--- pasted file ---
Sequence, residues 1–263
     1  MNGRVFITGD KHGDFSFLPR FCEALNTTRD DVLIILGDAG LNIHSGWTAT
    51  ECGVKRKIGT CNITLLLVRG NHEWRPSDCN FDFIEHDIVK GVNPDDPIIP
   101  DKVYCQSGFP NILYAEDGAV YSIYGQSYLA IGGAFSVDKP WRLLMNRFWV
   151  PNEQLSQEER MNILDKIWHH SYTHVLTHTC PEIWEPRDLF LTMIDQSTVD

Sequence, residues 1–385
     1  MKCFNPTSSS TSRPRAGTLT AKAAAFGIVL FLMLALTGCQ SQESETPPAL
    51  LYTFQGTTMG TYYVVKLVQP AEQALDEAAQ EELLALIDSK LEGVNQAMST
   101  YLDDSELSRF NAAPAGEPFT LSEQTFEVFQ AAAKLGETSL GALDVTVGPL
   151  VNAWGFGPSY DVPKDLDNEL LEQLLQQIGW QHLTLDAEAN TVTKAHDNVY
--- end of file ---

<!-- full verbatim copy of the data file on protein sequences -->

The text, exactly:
Sequence, residues 1–263
     1  MNGRVFITGD KHGDFSFLPR FCEALNTTRD DVLIILGDAG LNIHSGWTAT
    51  ECGVKRKIGT CNITLLLVRG NHEWRPSDCN FDFIEHDIVK GVNPDDPIIP
   101  DKVYCQSGFP NILYAEDGAV YSIYGQSYLA IGGAFSVDKP WRLLMNRFWV
   151  PNEQLSQEER MNILDKIWHH SYTHVLTHTC PEIWEPRDLF LTMIDQSTVD

Sequence, residues 1–385
     1  MKCFNPTSSS TSRPRAGTLT AKAAAFGIVL FLMLALTGCQ SQESETPPAL
    51  LYTFQGTTMG TYYVVKLVQP AEQALDEAAQ EELLALIDSK LEGVNQAMST
   101  YLDDSELSRF NAAPAGEPFT LSEQTFEVFQ AAAKLGETSL GALDVTVGPL
   151  VNAWGFGPSY DVPKDLDNEL LEQLLQQIGW QHLTLDAEAN TVTKAHDNVY